Spokane’s premier office buildings have suddenly become coveted acquisitions for out-of-town investors from places like Puget Sound and Larkspur, Calif., near San Francisco.
“They’re here, and they’re very active,” said Scot Auble, president of Auble, Jolicoeur & Gentry, a real estate appraisal and consulting firm in Spokane.
“Of the more than 1.9 million square feet of Class A property in the central business district and its periphery, more than 1 million, or 58 percent, sold to outside investors in the last 15 months,” said Auble, who tracks regional real estate transactions for “The Real Estate Report.” a specialty research publication.
Back in the 1990s, out-of-town investors turned a cold shoulder to Spokane.
“They couldn’t even spell Spokane, let alone consider buying here,” said Larry Soehren, co-owner of Kiemle & Hagood, a Spokane commercial real estate and property- management firm.
They were gobbling up the best buildings in larger, more prestigious markets, Soehren said. But as prices there soared, profits plummeted. “It’s really driven them to second-tier markets where property is not priced as high, but returns are better.”
He knows full well how hot the local market’s become. In 2006, his company enjoyed its most profitable year, handling 600 transactions worth more than $150 million.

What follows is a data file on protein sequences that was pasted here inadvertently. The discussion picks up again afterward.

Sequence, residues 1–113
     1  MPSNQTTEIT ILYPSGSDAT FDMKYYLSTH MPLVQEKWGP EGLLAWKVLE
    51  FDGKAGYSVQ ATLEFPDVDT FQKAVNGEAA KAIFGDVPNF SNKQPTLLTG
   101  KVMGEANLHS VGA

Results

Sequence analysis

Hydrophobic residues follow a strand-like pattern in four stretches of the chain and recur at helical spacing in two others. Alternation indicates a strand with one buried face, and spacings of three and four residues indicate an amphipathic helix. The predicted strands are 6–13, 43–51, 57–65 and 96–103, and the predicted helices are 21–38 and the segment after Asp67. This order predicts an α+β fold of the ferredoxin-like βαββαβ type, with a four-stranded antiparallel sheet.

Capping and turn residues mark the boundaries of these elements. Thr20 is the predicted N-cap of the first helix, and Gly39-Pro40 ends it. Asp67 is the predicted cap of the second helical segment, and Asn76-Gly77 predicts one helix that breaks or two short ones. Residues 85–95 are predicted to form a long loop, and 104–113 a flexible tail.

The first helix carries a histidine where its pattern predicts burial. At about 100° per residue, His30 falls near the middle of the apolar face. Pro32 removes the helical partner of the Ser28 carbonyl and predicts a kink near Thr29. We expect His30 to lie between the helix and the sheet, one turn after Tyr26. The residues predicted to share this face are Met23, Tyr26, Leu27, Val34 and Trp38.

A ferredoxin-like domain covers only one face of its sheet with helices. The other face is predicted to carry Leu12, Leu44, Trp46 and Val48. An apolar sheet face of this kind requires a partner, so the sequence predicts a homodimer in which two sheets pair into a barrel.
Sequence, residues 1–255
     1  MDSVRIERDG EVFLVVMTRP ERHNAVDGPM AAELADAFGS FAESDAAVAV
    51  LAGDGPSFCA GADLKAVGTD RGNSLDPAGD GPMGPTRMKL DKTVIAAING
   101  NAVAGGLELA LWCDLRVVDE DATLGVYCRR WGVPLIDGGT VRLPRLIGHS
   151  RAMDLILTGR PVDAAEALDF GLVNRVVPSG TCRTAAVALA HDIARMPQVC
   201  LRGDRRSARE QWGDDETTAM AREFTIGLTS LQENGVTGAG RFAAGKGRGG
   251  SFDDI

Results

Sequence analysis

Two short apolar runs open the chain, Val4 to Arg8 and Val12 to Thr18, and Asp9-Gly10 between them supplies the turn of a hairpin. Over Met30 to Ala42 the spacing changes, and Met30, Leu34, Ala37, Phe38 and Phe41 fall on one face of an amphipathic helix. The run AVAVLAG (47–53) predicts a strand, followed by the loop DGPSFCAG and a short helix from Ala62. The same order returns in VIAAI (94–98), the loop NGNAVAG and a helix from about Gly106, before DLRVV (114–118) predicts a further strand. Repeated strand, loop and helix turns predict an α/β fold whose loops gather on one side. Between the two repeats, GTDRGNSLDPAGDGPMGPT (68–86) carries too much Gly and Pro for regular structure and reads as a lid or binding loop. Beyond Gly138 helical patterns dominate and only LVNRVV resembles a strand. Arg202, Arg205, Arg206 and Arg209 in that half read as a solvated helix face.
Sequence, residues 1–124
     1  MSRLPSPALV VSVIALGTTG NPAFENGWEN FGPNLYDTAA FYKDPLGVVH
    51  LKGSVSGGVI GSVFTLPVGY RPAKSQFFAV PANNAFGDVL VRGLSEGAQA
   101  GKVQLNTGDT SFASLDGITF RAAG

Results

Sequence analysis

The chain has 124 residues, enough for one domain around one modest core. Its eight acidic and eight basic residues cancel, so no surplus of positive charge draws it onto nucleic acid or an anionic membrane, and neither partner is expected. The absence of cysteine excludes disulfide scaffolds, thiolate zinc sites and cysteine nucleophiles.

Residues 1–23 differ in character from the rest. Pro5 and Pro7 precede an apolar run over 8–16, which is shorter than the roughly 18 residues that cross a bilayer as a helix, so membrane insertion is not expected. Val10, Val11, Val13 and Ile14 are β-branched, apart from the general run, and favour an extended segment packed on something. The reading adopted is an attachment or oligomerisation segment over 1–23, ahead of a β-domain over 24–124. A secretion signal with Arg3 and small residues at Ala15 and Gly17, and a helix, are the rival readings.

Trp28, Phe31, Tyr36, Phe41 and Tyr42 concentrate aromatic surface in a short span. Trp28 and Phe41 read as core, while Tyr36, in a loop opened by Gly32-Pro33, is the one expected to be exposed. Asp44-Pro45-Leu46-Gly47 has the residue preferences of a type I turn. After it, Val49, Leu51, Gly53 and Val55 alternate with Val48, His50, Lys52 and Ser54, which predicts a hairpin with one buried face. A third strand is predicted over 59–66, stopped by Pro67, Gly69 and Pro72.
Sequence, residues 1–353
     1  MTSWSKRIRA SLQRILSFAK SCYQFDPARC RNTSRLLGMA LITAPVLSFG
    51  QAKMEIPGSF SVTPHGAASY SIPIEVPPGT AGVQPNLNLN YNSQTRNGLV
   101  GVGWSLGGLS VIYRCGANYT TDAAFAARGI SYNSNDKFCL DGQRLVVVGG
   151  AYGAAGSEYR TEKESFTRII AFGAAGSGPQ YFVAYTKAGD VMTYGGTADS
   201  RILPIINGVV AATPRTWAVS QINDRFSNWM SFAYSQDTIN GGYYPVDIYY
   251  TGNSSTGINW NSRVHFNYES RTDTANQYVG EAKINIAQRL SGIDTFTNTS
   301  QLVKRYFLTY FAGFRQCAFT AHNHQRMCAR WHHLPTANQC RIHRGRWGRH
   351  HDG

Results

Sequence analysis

Out-of-town investors have increasingly been drawn to smaller cities like Spokane, where they view markets as more stable. In addition, they see communities where populations and jobs are rising, increasing the need for office and retail space.
They still follow the cardinal rules of realty, said acquisitions gurus from the three big companies that have branched into Spokane, an appealing alternative to sold-out, overpriced property elsewhere. As always, location is key. Buildings of great values at great prices carry big appeal. And better than average profit potential is crucial.
In other coastal hot spots, Class A buildings are selling for between $400 and $500 a square foot, compared to $100 to $150 a square foot in Spokane, said Mike Livingston, a Kiemle & Hagood broker who assisted Unico Properties LLC of Seattle in its recent purchase of the Bank of America tower.
“Seattle and California markets are so overheated and the competition for quality investments is so fierce, it’s driven rates of return lower, making Spokane even more attractive,” Auble said.
Though they’re investing in Spokane for some of the same reasons, each company has slightly different strategies, philosophies and goals.
Unico, for instance, practically pried the Bank of America tower away from its previous owner. The building wasn’t on the market when a Unico representative singled it out as the kind of high-caliber building Unico seeks.
The building’s owner, First States Investors 5000A LLC, wouldn’t return inquiries from Unico President and CEO Dale Sperling, a Spokane native who’d had his eye on this market for some time. Sperling said he finally tried humor and left a whimsical message on the owner’s answering machine.
“I said: ‘If the phone don’t ring, I’ll know it’s you,’” he said, a line he borrowed from an old Willie Nelson song.
That broke the impasse, he said. The owner called back and that sparked the dialogue that led to the building’s sale, Sperling said.
Unico always eyes the “best buildings” in town, Sperling said. It makes cosmetic and management improvements and holds its property for the long run.